" Dear Madam,  I was greatly pained to read in the newspapers of today here that your husband had died yesterday.    Allow me to express in the strongest possible  manner my deep sympathy in your distress.   It was only a day or two since I saw him in full health.   Now he is no more.  It is fully more than twenty years since I first met your husband, and for the whole time I have had increasing confidence in him. I do trust that He who has promised to be the aid of the widow may hear you in your trial. I long to learn the particulars of his death.   The papers to hand say he was found on the road. Get some one to write to me, and again let me add my sympathies are with you.  "  Yours  sincerely. Alex MacDonald. "  


In the same edition of the Dunfermline Press the following poetry appeared.


That sudden change, and sad event   Which happened a few days ago;  Our trusty friend, while homeward bent  Was by the hand of death laid low. To fellow men throughout the land, The melancholy news soon spread, For heralds after morning dawned,  Proclaimed that Henry Cook was dead. We mourn his untimely end,  As well's the loss we have sustained; He bravely did our rights defend, And fearlessly our cause maintained. Beloved among the sons of toil,  For the wise counsels that he gave; A man in whom there was no guile, Nor any false ambitions crave.  He was an honest man and true,  Well qualified to lead the van;  greatest aim he had in view, Was justice to his fellow-man.But now alas ! he is no more,  Relentless fate has sealed his doom;His cares and troubles all are o'er,Another soon must fill his room. With raptures we will sound the praise, Of him who was upright and just; His  friends will a memorial raise, To mark where lies his honoured dust.The widowed mother left behind,  In sadness weeping sorrows tears;   May God relieve  her troubled mind, And solace her declining years.  A  Miner.


Henry's friends did indeed raise a memorial to him.  That Memorial can still be seen today in Dunfermline cemetery.     Although his gravestone records that it was erected by the Fife and Kinross Miners Union,  letters were read  out in both Lodge St.John and Lodge Minto,  ( who agreed to contribute),  asking for donations towards this Memorial stone.  From the minutes of  lodge St John 540, we learn the extent of the influence of the area covered by the Lodge, when a committee was formed to subscribe money to erect a Memorial stone for P.M. Cook.   Several Brethren were appointed for several districts -- Crossgates, Cowdenbeath, Kingseat and Kelty. Henry Cook was interred in Dunfermline cemetery on Saturday, 6th July 1880.    The following inscription appears on the Memorial stone ) --









 DIED  8TH  JULY 1880




This was not to be the only Memorial to Henry Cook.  30 years later,  on 25th June 1910,  the following report appeared in the Dundee Courier }-

At the last monthly meeting of the Fife and Kinross Miners Board the delegates approved of a proposal to place four stained glass windows in the new offices, and the vote of a large number of the Districts has endorsed the idea. The four windows are to be dedicated to the memory of  Alex Macdonald M.P.,  Richard Penman, Henry Cook and John Weir. Mr. Macdonald was a leader of British miners in the '60's and '70's and was the first  President of the National Miners Union, while he was associated with the 8 hours day movement in Fife.   Mr. Penman was a native of Crossgates, and the first President of the Fife Miners Association.   Mr. Cook was the first Secretary, and Mr. John Weir of Dunfermline who succeeded him as  Secretary for the long period of 28 years.  Also in June, Richard Penman was described in the following manner ;-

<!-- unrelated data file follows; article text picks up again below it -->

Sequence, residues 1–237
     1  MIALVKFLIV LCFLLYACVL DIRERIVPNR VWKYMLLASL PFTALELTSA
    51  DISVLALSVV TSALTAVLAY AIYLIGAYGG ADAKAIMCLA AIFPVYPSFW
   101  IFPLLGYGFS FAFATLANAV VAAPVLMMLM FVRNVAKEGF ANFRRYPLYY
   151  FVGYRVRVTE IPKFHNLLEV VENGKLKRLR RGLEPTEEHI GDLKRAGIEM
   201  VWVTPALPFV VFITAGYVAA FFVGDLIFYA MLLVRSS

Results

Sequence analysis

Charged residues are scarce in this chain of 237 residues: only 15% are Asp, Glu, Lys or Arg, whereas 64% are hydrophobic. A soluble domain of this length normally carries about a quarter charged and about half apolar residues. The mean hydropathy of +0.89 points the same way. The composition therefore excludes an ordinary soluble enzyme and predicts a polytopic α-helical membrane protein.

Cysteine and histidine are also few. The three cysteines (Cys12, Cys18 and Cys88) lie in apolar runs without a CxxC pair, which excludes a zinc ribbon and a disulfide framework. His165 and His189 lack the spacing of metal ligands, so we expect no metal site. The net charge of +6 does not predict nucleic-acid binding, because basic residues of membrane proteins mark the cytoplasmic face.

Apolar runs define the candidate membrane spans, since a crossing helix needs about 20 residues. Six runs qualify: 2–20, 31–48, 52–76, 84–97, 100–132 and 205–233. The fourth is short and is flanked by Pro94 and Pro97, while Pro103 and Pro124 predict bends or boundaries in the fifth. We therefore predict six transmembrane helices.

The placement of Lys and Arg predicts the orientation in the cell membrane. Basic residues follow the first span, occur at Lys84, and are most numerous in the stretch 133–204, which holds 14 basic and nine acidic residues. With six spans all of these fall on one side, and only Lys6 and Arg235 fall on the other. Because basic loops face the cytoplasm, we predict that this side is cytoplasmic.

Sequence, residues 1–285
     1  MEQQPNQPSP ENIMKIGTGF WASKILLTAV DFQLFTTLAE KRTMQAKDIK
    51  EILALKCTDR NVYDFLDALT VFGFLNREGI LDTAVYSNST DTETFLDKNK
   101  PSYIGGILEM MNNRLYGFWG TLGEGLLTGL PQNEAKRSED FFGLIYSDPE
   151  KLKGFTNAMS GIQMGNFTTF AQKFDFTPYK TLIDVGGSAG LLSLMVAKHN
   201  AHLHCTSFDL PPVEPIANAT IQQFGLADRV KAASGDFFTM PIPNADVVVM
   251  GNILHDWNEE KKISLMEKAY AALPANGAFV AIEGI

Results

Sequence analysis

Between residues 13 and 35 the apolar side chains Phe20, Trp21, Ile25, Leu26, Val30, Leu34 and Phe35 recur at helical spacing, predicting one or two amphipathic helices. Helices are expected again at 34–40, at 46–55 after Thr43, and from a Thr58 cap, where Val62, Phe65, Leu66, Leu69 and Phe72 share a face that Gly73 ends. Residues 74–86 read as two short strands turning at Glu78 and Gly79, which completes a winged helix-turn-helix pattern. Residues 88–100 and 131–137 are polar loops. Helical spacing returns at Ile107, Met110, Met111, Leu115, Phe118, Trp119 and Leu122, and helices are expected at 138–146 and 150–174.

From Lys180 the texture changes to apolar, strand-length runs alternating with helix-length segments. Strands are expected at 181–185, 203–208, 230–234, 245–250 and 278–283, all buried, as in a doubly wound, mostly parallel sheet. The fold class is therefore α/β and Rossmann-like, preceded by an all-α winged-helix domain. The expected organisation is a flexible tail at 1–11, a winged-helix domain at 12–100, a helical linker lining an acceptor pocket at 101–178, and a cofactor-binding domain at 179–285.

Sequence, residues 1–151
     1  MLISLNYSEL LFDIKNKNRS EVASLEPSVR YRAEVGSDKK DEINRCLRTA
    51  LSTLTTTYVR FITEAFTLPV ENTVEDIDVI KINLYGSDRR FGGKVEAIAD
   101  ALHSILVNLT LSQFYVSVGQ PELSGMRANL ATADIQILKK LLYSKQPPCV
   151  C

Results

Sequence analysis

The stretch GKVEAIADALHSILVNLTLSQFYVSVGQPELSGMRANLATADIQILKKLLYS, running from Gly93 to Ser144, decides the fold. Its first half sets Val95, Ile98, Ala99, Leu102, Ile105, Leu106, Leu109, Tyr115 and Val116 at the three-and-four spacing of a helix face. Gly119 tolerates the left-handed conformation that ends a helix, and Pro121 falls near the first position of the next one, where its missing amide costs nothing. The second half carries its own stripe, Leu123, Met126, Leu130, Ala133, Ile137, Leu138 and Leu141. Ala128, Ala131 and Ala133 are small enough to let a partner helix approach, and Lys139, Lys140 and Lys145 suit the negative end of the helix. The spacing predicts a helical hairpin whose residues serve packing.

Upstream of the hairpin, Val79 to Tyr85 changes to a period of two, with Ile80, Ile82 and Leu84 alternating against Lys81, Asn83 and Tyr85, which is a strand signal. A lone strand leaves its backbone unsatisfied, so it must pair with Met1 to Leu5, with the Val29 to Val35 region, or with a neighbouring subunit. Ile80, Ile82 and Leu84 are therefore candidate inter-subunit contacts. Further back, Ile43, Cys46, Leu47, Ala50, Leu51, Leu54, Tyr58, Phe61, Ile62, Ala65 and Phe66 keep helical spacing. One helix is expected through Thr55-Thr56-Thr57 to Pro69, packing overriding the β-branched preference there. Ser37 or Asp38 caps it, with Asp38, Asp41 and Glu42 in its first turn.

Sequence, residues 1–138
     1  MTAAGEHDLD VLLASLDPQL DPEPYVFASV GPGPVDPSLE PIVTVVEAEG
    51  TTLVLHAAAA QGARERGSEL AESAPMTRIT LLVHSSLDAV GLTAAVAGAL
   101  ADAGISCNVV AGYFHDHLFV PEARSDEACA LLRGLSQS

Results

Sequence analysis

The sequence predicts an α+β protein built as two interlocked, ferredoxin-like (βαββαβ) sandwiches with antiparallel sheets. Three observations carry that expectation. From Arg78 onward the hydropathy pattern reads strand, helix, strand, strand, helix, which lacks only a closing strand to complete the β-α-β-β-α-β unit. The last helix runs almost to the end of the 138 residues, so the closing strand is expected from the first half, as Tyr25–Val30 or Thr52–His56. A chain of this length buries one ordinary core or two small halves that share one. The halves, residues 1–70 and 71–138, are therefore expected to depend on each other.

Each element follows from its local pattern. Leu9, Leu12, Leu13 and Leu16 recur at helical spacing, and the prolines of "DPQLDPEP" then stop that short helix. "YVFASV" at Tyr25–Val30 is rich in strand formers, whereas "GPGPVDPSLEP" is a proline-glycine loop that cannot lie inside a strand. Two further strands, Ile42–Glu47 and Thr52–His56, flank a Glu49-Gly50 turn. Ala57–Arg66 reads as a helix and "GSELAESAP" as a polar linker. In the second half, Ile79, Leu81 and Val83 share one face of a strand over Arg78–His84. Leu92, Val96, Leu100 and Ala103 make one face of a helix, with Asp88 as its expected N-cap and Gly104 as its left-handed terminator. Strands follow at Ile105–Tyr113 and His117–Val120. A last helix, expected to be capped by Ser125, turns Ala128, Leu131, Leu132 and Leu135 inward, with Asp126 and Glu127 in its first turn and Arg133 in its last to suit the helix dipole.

Richard Penman was first President of the Fife Miners Union.  A man of little education ( although it was reported  in the Dunfermline press  in 1861, that he had given a reading from Burns ) but gifted with great natural ability, he never tired of working for the cause of his Union.   In his spare hours after toiling at the face the whole of the day, he went from colliery to colliery, advocating the claims of the miners and building up the Organisation.  Before his labours had begun to bear fruit, he was cut off, a comparatively young man, by one of the last epidemics of small pox which visited Fifeshire.  There is no doubt that if he had lived, Penman who was born in the village of Crossgates, would have been the first paid Secretary  of the Association.

Henry Cook became Secretary of the Fife Miners Union at the time when Richard Penman was the Chairman.  At the Mass meeting to celebrate the 8 Hours Day in Kirkcaldy in 1871,  David was to take the Chair  so there is no doubt that Henry and this son of Crossgates would have known each other so well, - another example of Henry's association with Crossgates.

The  handsome  new  building was officially opened on the 8th.Oct. 1910, in Victoria Street, Dunfermline.  This report made no mention of the stained glass windows

Of the four men who were to be commemorated in the windows ; -

Alex Macdonald, although originally from Lanarkshire, had been heavily involved with the Fife miners and Henry Cook in particular. Henry Cook of course had  also been RWM of Lodge St.John 540. Our Lodge records show that a Richard Penman, a miner of Crossgates had been a founder member in 1873.   The census records for 1871  show only one gentleman of that name living in Crossgates, so this may have been the same person.   Sadly, he did indeed die of small pox on 3rd. March 1873, so he would not survive to enjoy  a Masonic career.   I think this also shows that those men who  were keen to  found a Masonic Lodge in Crossgates were coming together before the Lodge Minutes  were officially started. At this time it is not known if John Weir  was a member of the Craft, but it was John who at the age of 14, started a lodge of Free Colliers.     These stained glass windows were, in later years, taken into the custody of Dunfermline Museum, where they remain .  Sadly they are now in a very poor condition and Henry is unrecognisable.

Henry Cook was clearly an intelligent, talented and caring man who was a great loss to his mining and masonic fraternities, not to mention the communities in which he lived and worked.